CLAREMONT — Is volunteering one's services as a licensed general contractor on renovation projects, such as the design of a patio, a substitute for serving a day behind bars?
The answer to that question may determine whether Claremont Police Chief Dexter Atkinson violated the law by allowing a convicted drunk driver to perform community service instead of serving time in jail.
Atkinson has been on paid administrative leave since last month, when City Manager Glenn Southard referred the matter to the district attorney's office. The inquiry centers on the police chief's decision to let Claremont contractor John Barber perform 180 days of community service in lieu of 180 days in jail imposed after his third conviction for drunk driving.
A transcript of Barber's sentencing last September indicates the judge told Barber's attorney that Claremont police could choose to have him work off his sentence during the day while allowing him to spend his nights at home, as permitted by state law.
No Evasion Intended
Barber said the transcript supports his contention that he and Atkinson did not attempt to evade the sentence handed down by the court.
"That's what I've been saying all along--I'm not lying," Barber said. "I think I've done what this man, the judge, told me to do, or what we all left the courtroom thinking we were supposed to do."
The question to be decided over the next month by a deputy district attorney and two municipal court judges is whether the work performed by Barber fulfilled legal requirements. According to the judge who sentenced Barber, that decision will require a precise interpretation of the Penal Code.
Last September, Barber received a sentence of 120 days in jail--as mandated by state law for a third conviction within a seven-year period--from Pomona Municipal Court Judge Robert C. Gustaveson. That led a North Orange County Municipal Court judge to sentence Barber to an additional 60 days in jail for violating his probation from a 1985 drunk driving conviction.
Both judges granted a request from Barber's attorney to have him serve his time in Claremont's municipal jail. Barber said Atkinson had him serve his sentence by working eight hours a day overseeing building renovations at the Police Department.
Atkinson later wrote letters to both courts, attesting that Barber "had fulfilled his community service." The controversy surrounding Atkinson questions whether he illegally permitted Barber, with whom he has socialized and played golf, to perform community service when Barber had been sentenced to jail time.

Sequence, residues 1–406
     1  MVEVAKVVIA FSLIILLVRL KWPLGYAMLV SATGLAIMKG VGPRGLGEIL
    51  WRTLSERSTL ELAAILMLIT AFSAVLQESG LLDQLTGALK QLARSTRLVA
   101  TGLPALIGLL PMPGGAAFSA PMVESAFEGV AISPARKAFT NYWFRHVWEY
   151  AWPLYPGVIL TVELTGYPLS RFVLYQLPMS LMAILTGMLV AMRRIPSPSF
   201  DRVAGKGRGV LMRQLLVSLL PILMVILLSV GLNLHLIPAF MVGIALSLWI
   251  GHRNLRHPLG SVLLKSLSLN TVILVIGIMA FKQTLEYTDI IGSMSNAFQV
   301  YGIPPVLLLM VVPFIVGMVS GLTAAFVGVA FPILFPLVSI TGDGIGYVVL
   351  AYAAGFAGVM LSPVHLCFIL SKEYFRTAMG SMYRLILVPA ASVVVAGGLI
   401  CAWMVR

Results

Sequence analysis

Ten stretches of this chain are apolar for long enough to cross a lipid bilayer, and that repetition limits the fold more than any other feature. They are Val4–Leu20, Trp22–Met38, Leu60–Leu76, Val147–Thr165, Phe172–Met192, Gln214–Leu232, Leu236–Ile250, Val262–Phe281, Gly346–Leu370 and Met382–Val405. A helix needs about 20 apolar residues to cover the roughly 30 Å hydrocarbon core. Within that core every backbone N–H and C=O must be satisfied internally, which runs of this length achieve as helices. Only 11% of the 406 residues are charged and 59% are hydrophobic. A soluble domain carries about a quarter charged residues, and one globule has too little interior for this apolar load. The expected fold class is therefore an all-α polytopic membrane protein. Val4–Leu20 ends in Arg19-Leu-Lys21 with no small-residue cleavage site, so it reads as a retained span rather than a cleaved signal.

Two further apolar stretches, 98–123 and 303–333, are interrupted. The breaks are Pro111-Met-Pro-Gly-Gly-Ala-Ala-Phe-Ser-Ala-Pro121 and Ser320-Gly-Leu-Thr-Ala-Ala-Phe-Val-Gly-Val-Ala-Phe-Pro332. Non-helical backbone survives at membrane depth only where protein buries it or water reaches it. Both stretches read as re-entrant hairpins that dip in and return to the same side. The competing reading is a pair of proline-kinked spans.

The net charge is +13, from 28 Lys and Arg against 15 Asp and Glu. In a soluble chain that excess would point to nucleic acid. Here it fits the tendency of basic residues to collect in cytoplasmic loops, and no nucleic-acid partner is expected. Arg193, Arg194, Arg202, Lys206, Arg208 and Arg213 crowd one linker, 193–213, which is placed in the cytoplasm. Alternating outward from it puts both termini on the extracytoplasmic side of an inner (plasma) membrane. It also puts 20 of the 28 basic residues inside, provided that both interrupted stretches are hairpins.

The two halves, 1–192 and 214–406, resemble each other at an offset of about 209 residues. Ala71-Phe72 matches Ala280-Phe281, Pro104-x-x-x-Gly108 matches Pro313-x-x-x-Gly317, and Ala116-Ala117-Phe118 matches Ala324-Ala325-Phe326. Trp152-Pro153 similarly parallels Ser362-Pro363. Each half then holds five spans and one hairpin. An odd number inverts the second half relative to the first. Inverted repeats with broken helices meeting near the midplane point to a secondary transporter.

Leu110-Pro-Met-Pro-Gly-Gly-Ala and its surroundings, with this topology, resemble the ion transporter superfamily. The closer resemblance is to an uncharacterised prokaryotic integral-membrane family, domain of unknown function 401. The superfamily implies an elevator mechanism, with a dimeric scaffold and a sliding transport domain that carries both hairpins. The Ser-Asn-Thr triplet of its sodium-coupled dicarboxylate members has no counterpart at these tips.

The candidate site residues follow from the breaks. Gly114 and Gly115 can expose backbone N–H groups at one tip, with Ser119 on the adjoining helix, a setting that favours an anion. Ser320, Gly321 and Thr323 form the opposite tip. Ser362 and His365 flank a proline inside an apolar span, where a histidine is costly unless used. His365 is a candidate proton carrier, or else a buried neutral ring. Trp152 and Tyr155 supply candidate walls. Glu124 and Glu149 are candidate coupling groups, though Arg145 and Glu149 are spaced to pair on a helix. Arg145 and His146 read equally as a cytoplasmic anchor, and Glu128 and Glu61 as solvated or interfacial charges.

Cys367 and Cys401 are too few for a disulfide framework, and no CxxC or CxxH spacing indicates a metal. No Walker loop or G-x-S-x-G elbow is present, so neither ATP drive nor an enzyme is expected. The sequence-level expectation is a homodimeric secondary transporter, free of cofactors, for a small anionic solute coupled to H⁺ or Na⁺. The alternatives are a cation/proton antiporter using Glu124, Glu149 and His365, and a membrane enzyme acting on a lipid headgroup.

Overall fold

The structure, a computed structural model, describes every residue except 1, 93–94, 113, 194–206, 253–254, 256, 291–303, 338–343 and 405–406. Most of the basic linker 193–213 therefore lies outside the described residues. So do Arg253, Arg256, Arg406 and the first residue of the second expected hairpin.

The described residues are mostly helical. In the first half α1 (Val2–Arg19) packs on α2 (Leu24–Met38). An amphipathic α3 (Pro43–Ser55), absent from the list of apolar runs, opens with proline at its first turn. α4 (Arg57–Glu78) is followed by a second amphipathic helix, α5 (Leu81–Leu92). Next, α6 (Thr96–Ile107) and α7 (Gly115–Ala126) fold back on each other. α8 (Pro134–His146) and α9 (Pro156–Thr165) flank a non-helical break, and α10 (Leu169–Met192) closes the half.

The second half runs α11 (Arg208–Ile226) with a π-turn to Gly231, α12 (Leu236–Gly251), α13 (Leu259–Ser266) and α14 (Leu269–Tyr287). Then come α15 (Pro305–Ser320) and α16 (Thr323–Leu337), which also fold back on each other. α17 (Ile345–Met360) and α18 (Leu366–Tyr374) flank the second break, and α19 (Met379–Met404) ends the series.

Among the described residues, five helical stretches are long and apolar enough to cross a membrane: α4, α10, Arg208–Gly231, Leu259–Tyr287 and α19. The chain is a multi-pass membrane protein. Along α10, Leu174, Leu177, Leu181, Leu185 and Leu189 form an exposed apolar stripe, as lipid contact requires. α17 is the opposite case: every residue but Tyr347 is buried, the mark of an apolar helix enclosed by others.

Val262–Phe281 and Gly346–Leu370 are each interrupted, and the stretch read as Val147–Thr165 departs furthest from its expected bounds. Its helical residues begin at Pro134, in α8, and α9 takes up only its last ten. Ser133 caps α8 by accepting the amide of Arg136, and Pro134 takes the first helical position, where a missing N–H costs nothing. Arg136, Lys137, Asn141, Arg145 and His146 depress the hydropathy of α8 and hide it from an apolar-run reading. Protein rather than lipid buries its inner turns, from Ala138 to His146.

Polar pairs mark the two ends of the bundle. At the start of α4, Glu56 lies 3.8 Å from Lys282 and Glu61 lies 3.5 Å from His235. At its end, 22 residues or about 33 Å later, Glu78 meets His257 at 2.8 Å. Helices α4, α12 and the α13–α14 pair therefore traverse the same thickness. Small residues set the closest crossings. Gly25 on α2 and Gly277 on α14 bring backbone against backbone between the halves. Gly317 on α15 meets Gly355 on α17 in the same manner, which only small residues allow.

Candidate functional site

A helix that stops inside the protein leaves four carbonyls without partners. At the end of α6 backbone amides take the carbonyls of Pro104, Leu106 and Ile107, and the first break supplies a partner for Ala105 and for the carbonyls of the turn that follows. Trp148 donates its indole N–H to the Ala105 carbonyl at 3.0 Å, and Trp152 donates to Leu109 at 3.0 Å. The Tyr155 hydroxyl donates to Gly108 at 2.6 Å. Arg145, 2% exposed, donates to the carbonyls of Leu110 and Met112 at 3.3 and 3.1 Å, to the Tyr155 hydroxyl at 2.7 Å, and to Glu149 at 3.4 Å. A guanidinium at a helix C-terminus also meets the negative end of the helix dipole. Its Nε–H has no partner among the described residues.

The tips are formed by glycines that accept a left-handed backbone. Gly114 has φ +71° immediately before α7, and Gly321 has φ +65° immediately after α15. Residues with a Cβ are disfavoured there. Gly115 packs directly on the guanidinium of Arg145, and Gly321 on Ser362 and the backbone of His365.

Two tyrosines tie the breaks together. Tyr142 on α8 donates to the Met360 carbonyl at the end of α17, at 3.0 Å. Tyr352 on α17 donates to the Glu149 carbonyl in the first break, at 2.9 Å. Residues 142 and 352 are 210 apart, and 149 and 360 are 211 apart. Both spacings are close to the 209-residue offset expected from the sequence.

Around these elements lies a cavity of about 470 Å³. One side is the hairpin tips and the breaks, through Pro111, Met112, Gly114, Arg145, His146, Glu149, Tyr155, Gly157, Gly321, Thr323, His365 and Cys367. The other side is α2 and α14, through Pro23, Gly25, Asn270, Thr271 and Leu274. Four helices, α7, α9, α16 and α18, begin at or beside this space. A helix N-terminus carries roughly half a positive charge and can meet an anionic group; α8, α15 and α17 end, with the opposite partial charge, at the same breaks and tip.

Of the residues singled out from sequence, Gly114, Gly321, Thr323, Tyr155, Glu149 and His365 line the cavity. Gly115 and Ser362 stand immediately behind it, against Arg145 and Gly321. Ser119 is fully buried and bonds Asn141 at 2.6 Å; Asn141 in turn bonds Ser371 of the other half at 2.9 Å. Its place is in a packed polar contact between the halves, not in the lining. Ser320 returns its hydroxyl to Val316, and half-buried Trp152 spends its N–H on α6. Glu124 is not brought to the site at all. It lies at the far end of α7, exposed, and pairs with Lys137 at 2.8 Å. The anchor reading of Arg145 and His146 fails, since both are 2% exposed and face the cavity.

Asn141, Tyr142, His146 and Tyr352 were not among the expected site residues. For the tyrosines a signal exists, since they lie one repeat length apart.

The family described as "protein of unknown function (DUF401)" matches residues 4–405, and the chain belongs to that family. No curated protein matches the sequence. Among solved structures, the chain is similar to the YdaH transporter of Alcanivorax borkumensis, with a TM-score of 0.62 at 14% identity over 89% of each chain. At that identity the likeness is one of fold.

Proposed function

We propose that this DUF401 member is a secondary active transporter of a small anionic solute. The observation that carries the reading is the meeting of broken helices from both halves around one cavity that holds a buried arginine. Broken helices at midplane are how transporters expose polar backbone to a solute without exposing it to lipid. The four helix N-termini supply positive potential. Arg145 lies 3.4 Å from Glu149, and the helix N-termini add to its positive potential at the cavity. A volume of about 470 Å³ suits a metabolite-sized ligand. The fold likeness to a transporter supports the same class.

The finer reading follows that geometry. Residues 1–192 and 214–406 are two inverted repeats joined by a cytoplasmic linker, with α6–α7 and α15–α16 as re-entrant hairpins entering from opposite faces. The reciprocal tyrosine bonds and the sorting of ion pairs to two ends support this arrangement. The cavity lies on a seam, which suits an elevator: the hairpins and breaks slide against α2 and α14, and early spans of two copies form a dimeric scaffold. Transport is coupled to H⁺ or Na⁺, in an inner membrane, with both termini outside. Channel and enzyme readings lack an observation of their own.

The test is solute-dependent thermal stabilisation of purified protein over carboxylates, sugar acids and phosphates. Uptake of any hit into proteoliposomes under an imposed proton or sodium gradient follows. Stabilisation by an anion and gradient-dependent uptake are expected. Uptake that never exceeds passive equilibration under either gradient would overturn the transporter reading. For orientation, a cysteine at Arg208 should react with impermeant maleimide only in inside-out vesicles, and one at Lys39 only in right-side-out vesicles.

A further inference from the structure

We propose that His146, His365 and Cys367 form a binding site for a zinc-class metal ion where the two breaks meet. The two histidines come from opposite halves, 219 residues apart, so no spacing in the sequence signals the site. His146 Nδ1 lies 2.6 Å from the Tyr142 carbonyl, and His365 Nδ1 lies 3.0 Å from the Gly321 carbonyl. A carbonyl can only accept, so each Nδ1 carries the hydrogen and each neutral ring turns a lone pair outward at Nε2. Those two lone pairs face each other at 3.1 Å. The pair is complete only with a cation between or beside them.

But according to a transcript of Barber's sentencing in the Pomona court, the judge told Barber's attorney, Clark Shacklett, that state law permitted Claremont police some discretion over how he would serve his time, including the option to have him work during the day and go home at night.
"If they want to work him and let him go after eight hours, that's fine with me, as long as it is (equivalent to) 120 days in jail," Gustaveson told Shacklett. "We didn't discuss anything about how they were going to use him. I would want them to have him at least do enough time in jail so it is one day. . . . Sometimes they will work them all day and let them go home at night. That doesn't concern me, as long as it's 120 days in jail."
Gustaveson, now a Pomona Superior Court judge, said last week that he could not recall Barber's case, one of thousands of drunk driving cases over which he presided in his 15 years on the Municipal Court bench. He said the Penal Code allows custodial agencies such as local police departments several methods under which a person in their custody may work off a jail sentence.
One of the alternatives permitted by the Penal Code is for the prisoner to perform "labor on public works and ways," which the law defines as "manual labor to improve or maintain public facilities." Each day of such work equals one day of jail time, the code states.
"A day in jail is whatever the Legislature says it is," Gustaveson said. "If the person who is the jailer interpreted the Penal Code right, that's fine."
Barber said he spent 180 days supervising the design and construction of projects to relieve overcrowded working conditions at the police station. These included subdividing office space by building new walls and designing a patio to provide officers a place to smoke, which is no longer permitted in the station, Barber said.
"I'd say 90% of it was design and consultant work and 10% of it was manual, the manual part of it being going out and picking up materials," Barber said. "Most of it was coordinating with subcontractors."
But although Barber was working on a public facility, a judge will have to decide whether his design and contracting work qualifies as "manual labor" under the law, Gustaveson said. The judge, who is no longer involved with case, said the code's definition is not explicit in this area.